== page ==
In an industry where it is so important to know exactly who you are hiring, the techniques and tools used to take on yacht crew have not changed significantly in many years. No matter how rigorous the interview process and how glowing the references, recruiting crew can be a game of chance.
The superyacht industry is perhaps the most intimate place in which to work throughout the entire maritime sector, and is unlike most other jobs, no matter what your field of expertise; the cost of the boat you’re working on, the responsibility and safety of the crew, owners and guests, for their food, children, belongings, well-being and everything else in between. It’s as unique a career as you’ll get.
While the industry is good at ‘getting to know someone’ before hiring them, many of the crew who are hired are rarely subject to stringent and relevant checks that get beneath the skin of a social-media profile or reference from a previous employer. While recruiters, managers, captains and owners might look at prospective employees’ Facebook, Twitter or Instagram profiles, this isn’t sufficient. If there is something that you don’t want the outside world to know about, you’re not going to make it public on social media.
While references are hugely important, you are essentially relying on someone else’s opinion. A recent survey of superyacht crew by Faststream revealed that nearly 40 per cent of crew secured their last job through being referred by a friend, which does pose an important question around the favourable nature of references. As in other high-tech industries, the way references are taken is very different, and in many examples, the references are taken not by the candidate’s previous manager, but from the staff working alongside them on a daily basis. Using this approach within the yachting industry could prove to be successful.
"Would you want someone with a history of bad credit or bankruptcy to be in charge of the money on board? Would you be able to find this out from someone’s Facebook profile or past references?"
Another thing to think about is Personal Profile Analysis (PPA) psychometric testing. This has been used by thousands of employers, has been around since 1920 and was created by the same person who invented the lie-detector test. It provides an accurate insight into how people behave at work, answering questions such as: what are their strengths and limitations?; how do they communicate?; are they self-starters?; what motivates them? I have used them for many years as part of the hiring process for the Faststream business.
There is still a perception that psychometric tests are a pass or fail challenge but the reality is that if you are being interviewed for a job that demands certain skills and abilities, it is in your interests not to be selected if you do not have the desired aptitudes. There is no such thing as a good or bad result because it is just a matter of fitting the right person to the right job, and is something that I believe should be used. The tests could also be tailored specifically to this industry by focusing on behavioural questions, such as looking at teamwork and how someone might interact on board with other crew members.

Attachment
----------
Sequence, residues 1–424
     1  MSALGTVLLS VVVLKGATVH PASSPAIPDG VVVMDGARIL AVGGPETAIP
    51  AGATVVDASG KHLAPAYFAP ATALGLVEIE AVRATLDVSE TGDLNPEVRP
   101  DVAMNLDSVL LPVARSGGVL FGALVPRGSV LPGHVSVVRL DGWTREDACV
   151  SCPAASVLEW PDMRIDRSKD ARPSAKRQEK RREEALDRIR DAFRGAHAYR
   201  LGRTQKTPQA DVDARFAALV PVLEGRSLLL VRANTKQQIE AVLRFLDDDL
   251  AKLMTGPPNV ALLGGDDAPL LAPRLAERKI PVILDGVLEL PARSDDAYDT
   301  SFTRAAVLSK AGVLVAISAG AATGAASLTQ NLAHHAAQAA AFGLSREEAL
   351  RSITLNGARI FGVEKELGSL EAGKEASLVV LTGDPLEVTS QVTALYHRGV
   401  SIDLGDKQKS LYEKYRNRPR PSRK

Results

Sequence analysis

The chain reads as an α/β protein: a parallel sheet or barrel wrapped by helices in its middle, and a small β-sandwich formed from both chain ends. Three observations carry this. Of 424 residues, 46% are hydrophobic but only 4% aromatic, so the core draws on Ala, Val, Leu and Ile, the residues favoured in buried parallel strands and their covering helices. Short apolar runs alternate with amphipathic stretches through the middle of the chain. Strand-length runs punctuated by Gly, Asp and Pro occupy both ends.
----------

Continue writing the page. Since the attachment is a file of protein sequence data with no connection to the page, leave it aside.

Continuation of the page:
If you are hiring crew of any level, you are likely to want to know if someone has a criminal record or a dubious past. However, very few owners we work with utilise criminal-record checks, giving the impression that the industry could be taking unnecessary risks in the hiring processes when it comes to someone’s background. Is this not just as important as ensuring a crewmember’s CoC is present and up to date? Criminal-record checks as part of a thorough recruitment process are standard in many sectors, so why not in superyachts?
Financial background checks are another grey area, but highly relevant for crew handling money, such as pursers. Would you want someone with a history of bad credit or bankruptcy to be in charge of the money on board? Would you be able to find this out from someone’s Facebook profile or past references? The answer to both these questions would be no. However, we rarely see financial checks in place or as part of the recruitment process.
More stringent checks can obviously lead to further complexities in the hiring process, but the yacht sector must be prepared to evolve its ‘industry standard’ recruitment. The cruise industry is yachting’s closest comparative sector in leisure maritime, and has raised the bar in recent years when it comes to hiring, the checks it performs on its employees and the entire candidate experience. If the yachting industry was to learn from anywhere, cruise would be the place to go.
So, do you still think you know who you are hiring?